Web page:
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Ladies night ban: Party pooper Steve Horner does to Minnesota what he tried to do in CO

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It's been quiet on the Colorado bar front since Steve Horner, our anti-ladies night crusader, moved on -- but ladies nights became a hot topic again yesterday when the Fox and Friends morning show featured a debate over the Minnesota Department of Human Rights recently deciding to ban ladies nights, and charging five bars with gender discrimination in pricing.

Host Gretchen Carlson, a former Miss America from Minnesota (and apparent ladies night supporter) moderated the discussion between Fox New's legal analyst Lis Wiehl and self-proclaimed "anti-feminist" Marc Rudov, who wound up comparing dating to prostitution.

In response to Carlson's suggestion that women coming in for ladies night deals benefits male patrons, too, Rudov responded: "Well, what you're just doing is reinforcing the point that I've always made is that dating is legal prostitution. If women aren't going to show up unless they're bought and paid for, that's prostitution."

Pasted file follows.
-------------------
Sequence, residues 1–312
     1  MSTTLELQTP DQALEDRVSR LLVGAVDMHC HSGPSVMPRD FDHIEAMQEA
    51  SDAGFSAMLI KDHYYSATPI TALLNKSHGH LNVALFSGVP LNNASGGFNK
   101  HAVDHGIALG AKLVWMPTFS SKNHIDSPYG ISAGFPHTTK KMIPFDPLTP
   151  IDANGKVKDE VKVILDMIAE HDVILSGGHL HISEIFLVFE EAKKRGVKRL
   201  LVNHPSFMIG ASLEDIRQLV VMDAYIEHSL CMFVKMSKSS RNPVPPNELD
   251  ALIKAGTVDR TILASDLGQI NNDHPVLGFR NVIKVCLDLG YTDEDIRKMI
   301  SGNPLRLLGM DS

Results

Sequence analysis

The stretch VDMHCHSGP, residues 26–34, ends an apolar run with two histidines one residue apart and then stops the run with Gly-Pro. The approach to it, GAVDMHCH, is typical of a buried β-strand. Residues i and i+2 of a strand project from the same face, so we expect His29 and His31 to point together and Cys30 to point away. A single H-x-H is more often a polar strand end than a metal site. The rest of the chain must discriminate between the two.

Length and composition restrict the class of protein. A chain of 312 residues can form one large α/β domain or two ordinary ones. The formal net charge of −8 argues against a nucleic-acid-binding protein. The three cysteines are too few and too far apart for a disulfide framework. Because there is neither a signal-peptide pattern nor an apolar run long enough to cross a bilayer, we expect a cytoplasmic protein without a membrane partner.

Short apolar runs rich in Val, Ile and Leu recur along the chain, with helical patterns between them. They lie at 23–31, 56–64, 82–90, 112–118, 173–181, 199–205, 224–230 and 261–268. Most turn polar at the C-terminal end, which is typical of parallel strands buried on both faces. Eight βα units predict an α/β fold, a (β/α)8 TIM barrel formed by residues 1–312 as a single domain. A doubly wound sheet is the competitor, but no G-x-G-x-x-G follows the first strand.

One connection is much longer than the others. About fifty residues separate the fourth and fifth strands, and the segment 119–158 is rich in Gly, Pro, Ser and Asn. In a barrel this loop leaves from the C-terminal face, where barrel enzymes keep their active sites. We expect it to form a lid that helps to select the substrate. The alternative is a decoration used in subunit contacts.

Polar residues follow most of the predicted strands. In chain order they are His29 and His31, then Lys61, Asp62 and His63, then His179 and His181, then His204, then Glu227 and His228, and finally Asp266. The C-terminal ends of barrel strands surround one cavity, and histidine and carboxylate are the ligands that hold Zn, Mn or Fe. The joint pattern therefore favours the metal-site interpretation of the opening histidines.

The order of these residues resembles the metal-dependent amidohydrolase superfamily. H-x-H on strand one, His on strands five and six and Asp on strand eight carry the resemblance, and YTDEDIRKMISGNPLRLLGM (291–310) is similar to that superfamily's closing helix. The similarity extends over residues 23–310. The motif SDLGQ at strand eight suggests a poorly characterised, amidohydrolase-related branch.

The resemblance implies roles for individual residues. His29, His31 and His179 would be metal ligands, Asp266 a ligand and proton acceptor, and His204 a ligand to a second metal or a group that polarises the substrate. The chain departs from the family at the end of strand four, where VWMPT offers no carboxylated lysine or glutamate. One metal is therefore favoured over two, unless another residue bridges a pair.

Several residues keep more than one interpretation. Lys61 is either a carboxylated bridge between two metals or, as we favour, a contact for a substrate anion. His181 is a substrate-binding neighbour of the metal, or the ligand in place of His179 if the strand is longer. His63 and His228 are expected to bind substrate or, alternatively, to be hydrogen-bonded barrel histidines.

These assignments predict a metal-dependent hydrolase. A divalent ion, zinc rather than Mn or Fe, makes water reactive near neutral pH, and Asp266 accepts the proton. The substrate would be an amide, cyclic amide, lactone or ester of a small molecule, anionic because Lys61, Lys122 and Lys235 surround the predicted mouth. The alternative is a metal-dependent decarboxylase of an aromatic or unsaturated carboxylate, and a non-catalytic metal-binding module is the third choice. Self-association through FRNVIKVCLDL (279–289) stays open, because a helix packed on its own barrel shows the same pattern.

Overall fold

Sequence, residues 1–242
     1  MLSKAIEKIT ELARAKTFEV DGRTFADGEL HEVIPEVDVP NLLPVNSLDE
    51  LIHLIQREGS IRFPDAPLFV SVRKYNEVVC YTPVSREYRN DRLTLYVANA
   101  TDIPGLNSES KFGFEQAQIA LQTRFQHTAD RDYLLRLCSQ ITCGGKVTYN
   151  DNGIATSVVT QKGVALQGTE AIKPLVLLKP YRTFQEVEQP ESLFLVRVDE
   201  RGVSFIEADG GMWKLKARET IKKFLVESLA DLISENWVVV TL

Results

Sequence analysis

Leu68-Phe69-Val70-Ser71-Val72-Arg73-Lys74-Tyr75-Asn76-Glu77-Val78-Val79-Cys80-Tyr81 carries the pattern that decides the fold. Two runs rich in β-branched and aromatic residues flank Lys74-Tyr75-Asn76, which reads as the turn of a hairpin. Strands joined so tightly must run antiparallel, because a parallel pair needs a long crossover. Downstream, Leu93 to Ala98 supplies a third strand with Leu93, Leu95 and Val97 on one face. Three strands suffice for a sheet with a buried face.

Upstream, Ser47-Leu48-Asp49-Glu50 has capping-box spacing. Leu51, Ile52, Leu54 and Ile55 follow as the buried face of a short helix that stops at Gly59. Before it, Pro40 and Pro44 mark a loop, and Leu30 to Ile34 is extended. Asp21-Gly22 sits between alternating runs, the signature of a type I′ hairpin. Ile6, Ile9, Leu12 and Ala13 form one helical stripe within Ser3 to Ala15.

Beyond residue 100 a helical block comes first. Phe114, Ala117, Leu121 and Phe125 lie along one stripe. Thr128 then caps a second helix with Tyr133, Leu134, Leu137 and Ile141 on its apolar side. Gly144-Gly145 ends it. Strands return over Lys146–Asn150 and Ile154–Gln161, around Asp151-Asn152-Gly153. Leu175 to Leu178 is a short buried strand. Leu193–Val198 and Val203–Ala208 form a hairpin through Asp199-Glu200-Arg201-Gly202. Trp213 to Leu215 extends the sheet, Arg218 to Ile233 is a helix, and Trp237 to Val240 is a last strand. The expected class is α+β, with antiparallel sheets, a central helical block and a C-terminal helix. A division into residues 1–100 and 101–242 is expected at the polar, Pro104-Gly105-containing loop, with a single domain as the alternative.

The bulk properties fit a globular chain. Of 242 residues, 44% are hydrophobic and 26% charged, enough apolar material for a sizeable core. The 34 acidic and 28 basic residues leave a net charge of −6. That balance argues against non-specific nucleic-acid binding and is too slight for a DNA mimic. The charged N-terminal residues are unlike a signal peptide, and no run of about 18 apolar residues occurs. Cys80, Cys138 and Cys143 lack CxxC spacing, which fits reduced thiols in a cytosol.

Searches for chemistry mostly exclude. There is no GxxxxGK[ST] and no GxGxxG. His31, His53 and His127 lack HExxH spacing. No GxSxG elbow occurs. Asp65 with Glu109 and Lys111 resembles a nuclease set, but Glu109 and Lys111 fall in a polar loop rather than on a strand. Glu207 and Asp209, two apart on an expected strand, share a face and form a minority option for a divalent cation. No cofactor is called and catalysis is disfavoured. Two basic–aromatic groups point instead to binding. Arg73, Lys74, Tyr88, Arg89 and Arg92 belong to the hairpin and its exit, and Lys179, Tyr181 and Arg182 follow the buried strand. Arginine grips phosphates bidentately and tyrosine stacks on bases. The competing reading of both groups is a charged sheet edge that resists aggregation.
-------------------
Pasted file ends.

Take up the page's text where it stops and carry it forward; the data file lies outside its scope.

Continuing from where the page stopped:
There's more, lots more, and if it sounds familiar, that's because many of Rudov's arguments are those we've heard from Horner -- who started his crusade against ladies' nights in Minnesota two decades ago and brought it to Denver four years ago.

Many civil complaints and a few court cases later, Horner moved on to Utah, but he's stayed busy. In fact, the five complaints that changed the game in Minnesota were all filed last year by Horner, who was complaining about bars he'd never stepped foot in. That was one of his favorite tactics in Colorado, too, but the Colorado Civil Rights Commission didn't fall for it.

And here's another fun fact: Steve Horner's brother, Tom, is the Independence party candidate for governor in Minnesota.

Here's the Fox News segment:

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